Christie lacks the easy charm of a traditional front-runner. For one, he’s fat. In a state where dirty politics competes with the Jets as the favored spectator sport, Christie’s weight has become fodder during a race that has been intensely personal and nasty, at times comically so. “He looks hideous! And unhealthy,” says longtime Democratic state senator Ray Lesniak. “That doesn’t portray the discipline that’s necessary to lead this state.” This summer, the Corzine campaign ran an unflattering television spot that featured slow-motion shots of Christie’s massive gut after members of a focus group responded that they were turned off by his tubby physique. “They chose to run with the ad because people were appalled by his obesity,” one Democrat close to the Corzine campaign told me. In September, another Corzine ad took a more direct approach, saying that Christie “threw his weight around” as prosecutor. Comella says the ad “is clearly part of an overarching strategy to personally attack Chris Christie.” The Corzine campaign denies this. “The ad’s only purpose was to show how Chris Christie used his position as U.S. Attorney to get out of traffic stops,” responds Corzine’s spokesperson, Sean Darcy.
But with voters still raging at Wall Street elites, Christie’s rotund appearance and Everyman appeal—he’s a Jersey native and avowed Springsteen fan—have served him well against an opponent who earned more than $300 million at the highest echelons of Goldman Sachs and continues to spend many nights across the river in Manhattan. Privately, even Democrats acknowledge Corzine has been a major disappointment as governor. When he first ran, Corzine promised to bring his hard-nosed business skills to Trenton. “Hold me accountable,” he declared in his inaugural address. He then installed a coterie of former Goldman executives to key posts, only to watch his administration clash with the Legislature and fail to complete signature agenda items like turning over management of the turnpike to private companies and cutting property taxes.
“I had two conversations with [Rove] in seven years, I don’t know if you’d call that a relationship,” says Christie, who knew Bush well enough to have a nickname: Big Boy.
Beginning this summer, Democrats pushed news that Karl Rove admitted he had advised Christie on his future political plans while he was a sitting U.S. Attorney, a potential violation of the Hatch Act, which bars prosecutors from engaging in campaign politics (Rove didn’t respond to multiple calls for comment). The Corzine campaign has filed a Freedom of Information Act request to gain access to any communications Christie may have traded with Rove, but so far has been rebuffed in its efforts. Christie is putting as much distance as possible between him and his former mentors. “I had two conversations with [Rove] in seven years,” Christie tells me, “so I don’t know if you’d call that a relationship. You and I are now halfway to my relationship with Karl Rove, so you know, I didn’t have to apologize for it, certainly.”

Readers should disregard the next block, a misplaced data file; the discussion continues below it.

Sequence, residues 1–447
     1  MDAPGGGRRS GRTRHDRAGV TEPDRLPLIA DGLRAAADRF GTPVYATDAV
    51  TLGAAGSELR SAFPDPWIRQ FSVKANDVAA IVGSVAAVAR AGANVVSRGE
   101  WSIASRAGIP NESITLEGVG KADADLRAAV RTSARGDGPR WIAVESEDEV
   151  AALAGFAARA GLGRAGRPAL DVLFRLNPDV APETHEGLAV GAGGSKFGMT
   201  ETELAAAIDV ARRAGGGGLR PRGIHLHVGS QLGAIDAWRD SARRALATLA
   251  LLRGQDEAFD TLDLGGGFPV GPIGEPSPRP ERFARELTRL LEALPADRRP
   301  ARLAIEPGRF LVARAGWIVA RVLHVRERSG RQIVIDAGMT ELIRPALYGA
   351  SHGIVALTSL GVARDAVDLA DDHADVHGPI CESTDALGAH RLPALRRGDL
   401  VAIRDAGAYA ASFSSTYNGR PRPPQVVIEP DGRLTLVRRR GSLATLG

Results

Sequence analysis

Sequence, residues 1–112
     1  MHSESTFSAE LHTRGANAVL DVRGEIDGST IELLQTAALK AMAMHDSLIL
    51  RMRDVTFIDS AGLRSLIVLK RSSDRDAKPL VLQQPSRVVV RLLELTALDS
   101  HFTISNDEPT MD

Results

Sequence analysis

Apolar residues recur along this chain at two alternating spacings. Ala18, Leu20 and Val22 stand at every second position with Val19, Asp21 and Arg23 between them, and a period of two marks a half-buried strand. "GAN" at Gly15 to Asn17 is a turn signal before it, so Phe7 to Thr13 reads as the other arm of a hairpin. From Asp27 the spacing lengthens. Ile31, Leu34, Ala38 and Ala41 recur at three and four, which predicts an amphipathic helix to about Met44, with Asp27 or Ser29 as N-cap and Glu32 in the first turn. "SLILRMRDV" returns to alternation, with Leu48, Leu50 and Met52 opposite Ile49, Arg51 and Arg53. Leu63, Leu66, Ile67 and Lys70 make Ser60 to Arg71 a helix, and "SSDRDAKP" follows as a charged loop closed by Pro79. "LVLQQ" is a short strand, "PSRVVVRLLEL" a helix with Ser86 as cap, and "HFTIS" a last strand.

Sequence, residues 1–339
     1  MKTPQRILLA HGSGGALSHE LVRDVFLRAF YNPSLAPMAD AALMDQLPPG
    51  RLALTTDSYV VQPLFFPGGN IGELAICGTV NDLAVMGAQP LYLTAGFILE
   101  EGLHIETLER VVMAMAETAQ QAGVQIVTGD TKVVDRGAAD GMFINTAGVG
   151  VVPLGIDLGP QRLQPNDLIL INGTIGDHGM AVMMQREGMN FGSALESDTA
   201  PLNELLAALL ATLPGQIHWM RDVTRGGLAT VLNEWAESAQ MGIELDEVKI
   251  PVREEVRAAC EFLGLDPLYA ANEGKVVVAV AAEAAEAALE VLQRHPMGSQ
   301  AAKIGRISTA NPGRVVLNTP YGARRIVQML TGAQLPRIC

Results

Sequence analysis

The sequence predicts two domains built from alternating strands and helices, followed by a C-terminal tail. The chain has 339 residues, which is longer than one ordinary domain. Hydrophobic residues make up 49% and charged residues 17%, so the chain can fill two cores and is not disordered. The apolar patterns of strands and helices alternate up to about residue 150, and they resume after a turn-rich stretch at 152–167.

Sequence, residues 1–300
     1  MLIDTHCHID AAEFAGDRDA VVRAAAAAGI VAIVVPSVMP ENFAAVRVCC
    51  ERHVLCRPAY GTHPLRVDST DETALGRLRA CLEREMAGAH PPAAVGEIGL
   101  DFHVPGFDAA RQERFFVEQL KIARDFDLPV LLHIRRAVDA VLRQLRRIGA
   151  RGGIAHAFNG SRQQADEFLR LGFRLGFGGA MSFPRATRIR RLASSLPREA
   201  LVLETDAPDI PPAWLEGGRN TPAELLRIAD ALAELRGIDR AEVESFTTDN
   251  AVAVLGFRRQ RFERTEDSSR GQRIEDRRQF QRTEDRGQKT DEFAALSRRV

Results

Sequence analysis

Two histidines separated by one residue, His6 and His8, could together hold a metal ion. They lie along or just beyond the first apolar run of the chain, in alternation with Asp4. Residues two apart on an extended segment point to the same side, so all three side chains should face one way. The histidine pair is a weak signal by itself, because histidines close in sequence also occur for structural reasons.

Days after the story broke, in August, it was revealed that Christie had failed to report interest on a $46,000 loan he gave to his friend and assistant U.S. Attorney Michele Brown, who later resigned over the flap. News of the loan swirled through New Jersey political circles as the prospect of a race-altering scandal energized Democrats. It was quickly followed by other embarrassing headlines over his driving record and previous charges that, as a prosecutor, he gave millions of dollars in no-bid legal contracts to his former boss John Ashcroft, as well as to a federal prosecutor who spared Christie’s brother Todd, a trader with the Wall Street firm Spear, Leeds, while fourteen other Spear employees were charged with fraud. “He’s a failed governor,” Christie fires back. “And failed governors can’t talk about their own record, so what they do instead is try to demonize their opponent.”
In a state with a $7 billion budget gap, of course, any proposal of a way forward is liable to be unpopular. Corzine has carved out a platform involving green jobs, expanding early-childhood education, and expanding health-insurance programs. He touts a major recent victory in allocating school funding to troubled schools. “When someone is really under the gun, their life is struggling, I think there is a role for government to be there with a helping hand,” he says. Christie’s mantra, meanwhile, is cut, cut, cut, the old Republican standby, albeit with few specifics, a flaw that has become increasingly apparent recently. The struggles of both campaigns have left the door open for the independent candidate, Chris Daggett, to score points. Daggett, a former EPA official, promises to cut property taxes by 25 percent, partly by expanding the sales tax. His surprisingly witty and proficient performance in the October 1 debate gave him momentum; in a Fairleigh Dickinson Poll, he reached 17 percent by one measure. Most of his support seems to be coming from Christie.